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Does Outrage Change Others or Solidify our Position?

From the perspective of justice, small, tedious, and layered changes appear incidental.
Rabbi Moskowitz is at the rabbi of Congregation L’Dor V’Dor in Oyster Bay, NY. He received his rabbinic ordination from the Hebrew Union College-Jewish Institute of Religion. He is a devoted Jewish teacher, sharing with us his love of the Bible and Jewish philosophy.  He has taught in the internationally acclaimed Florence Melton Adult Mini School, UJA Connections, and the Institute for Adult Jewish Studies.  Rabbi Moskowitz is deeply committed to Israel and travels there every

I keep hearing Abraham Joshua Heschel’s words about the prophets these days. I recall especially his teaching that the prophets spoke in a voice that was an octave too high. They were so charged with righteous indignation that they always shouted or screamed. Few listened. Most turned away. We know that their contemporaries ignored their warnings and pleadings. Most could not discern the music within their charged messages. And yet it was not hidden. It was the divine voice of justice.

These days there is a lot of like-minded screaming and shouting. People have in fact accused me of similar indignation. “Who do you think you are?” is heard. I wonder if the moral outrage I so strongly feel has gotten the better of me. I question how we can truly effectuate change. In the age of Trump, one asks if our goal can in fact be the change we fight for, or instead a more modest, albeit temporary, quelling of that moral imperative stirring within our souls. Does the outrage really change others or simply solidify our own positions?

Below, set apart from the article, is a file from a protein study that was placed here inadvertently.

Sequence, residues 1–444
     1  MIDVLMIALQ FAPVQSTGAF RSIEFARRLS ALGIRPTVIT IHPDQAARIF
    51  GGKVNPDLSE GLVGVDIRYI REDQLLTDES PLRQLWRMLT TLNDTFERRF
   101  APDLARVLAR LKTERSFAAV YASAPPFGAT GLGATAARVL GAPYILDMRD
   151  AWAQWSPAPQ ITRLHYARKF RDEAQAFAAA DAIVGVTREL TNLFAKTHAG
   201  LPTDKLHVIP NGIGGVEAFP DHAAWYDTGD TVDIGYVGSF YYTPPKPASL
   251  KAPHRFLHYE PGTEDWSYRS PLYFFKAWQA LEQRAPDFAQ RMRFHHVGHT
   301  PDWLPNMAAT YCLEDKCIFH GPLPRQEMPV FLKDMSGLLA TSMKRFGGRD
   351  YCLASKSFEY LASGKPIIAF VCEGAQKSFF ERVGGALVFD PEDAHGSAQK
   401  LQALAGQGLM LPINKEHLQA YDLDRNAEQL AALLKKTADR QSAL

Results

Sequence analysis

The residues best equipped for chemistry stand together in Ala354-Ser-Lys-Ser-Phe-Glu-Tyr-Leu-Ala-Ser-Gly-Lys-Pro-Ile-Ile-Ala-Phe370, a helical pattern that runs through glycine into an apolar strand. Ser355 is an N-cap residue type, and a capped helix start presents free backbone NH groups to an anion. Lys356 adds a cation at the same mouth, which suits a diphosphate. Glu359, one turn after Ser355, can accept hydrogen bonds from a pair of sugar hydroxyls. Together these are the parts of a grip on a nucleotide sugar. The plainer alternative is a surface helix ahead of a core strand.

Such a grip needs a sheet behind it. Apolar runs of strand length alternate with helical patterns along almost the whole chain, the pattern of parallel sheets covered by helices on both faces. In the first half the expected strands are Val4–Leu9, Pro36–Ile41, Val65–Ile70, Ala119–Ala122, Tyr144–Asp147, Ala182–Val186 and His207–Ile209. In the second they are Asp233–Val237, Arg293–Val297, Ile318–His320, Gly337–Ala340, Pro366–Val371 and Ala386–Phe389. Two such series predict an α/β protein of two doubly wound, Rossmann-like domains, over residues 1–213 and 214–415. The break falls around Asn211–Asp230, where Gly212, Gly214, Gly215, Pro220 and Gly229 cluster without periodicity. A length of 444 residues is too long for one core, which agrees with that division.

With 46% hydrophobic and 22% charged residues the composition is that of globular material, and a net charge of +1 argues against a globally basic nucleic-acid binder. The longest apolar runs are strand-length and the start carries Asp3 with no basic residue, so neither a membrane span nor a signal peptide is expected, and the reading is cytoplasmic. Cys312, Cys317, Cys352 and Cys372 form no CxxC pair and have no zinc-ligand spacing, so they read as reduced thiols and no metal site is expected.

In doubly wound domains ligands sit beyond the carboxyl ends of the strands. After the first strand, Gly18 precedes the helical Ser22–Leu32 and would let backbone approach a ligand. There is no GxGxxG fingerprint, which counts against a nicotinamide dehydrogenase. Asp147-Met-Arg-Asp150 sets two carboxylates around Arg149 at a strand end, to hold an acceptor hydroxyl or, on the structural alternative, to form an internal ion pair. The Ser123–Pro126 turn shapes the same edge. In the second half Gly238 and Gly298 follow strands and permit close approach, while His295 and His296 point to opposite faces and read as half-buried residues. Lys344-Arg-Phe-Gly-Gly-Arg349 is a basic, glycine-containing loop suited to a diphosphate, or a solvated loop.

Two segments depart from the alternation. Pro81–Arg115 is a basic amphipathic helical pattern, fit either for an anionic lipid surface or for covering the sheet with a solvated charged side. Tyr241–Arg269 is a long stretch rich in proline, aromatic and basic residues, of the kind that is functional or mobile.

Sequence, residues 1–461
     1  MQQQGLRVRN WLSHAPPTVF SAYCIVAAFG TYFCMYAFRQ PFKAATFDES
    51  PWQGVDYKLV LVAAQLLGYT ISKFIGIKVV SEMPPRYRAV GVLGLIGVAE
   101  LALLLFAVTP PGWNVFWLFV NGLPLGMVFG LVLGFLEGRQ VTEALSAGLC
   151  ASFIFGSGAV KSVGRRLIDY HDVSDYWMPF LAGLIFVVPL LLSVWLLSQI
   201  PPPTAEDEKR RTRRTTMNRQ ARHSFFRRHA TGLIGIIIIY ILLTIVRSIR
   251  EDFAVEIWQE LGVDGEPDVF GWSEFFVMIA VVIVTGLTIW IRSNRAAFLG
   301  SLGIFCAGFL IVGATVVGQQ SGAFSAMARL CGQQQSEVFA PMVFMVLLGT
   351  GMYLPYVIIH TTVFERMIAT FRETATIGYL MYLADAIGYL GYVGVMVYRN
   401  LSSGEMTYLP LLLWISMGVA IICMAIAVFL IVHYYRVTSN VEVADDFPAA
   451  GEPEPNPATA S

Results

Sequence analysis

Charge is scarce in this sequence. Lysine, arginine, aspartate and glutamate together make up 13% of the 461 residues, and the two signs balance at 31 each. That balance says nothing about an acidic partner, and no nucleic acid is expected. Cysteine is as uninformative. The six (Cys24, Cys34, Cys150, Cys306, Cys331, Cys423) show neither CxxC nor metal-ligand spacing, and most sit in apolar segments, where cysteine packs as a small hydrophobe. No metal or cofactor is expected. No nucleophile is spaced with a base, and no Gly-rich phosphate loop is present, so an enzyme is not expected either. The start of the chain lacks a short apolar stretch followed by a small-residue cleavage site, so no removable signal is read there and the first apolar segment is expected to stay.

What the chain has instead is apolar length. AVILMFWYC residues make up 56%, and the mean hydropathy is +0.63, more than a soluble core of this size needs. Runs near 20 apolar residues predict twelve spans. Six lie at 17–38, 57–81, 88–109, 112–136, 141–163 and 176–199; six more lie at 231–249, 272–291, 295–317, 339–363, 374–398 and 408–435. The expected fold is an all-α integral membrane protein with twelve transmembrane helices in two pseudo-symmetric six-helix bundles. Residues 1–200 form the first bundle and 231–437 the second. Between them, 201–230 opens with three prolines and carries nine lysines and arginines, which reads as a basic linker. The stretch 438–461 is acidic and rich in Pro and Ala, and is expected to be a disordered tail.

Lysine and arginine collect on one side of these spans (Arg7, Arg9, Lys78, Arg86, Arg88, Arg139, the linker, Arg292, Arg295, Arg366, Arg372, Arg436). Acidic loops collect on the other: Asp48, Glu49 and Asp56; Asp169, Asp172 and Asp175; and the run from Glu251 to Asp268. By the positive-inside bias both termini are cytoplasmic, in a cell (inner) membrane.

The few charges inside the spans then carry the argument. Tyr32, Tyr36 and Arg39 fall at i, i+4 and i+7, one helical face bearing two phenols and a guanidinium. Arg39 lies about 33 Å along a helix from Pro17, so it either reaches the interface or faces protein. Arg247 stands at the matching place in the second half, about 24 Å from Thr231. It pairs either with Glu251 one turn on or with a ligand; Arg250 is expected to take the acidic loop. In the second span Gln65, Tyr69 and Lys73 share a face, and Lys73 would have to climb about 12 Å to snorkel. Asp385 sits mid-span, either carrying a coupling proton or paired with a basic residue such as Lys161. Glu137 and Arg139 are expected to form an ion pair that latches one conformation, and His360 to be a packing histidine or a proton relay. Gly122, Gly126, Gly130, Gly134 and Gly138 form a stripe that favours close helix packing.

In the past weeks I have participated in more protests than in nearly a lifetime. I have written more angry and indignant missives during these past days than at any other time in my rabbinate. Has change occurred? Or, is my indignation quelled – if but momentarily? Look at all those prophets. On Facebook everyone is a prophet.

The rabbis recognized this dilemma. They kept the prophet at a distance. They advocated, although only implicitly, for adaptive change. In a community that values tradition, change must be incremental. Justice can destroy community. Truth – and even righteousness – can fracture familial bonds. How else does one read the famous rabbinic Midrash about the creation of human beings? God casts truth to the ground. God discounts the truth about our nature and creates us nevertheless. Strict justice is overturned.

And yet from the perspective of justice and truth, small, tedious, and layered changes appear incidental. What are you waiting for? This is what today demands. We must, for example, ordain women as rabbis – now. Justice demands this. The world will catch up. And yet the world, people, and communities, continue to fall behind. Some go elsewhere. Some begrudgingly stay put. Few applaud in the beginning.

We must welcome the stranger – and the refugee – now.

And the prophet remains alone. Justice leads to solitude. The bonds of community and country, can only withstand so much change – and most certainly so much agitating for change. We find ourselves increasingly isolated. Truth is cast aside. And the community endures.

Will our country likewise endure?

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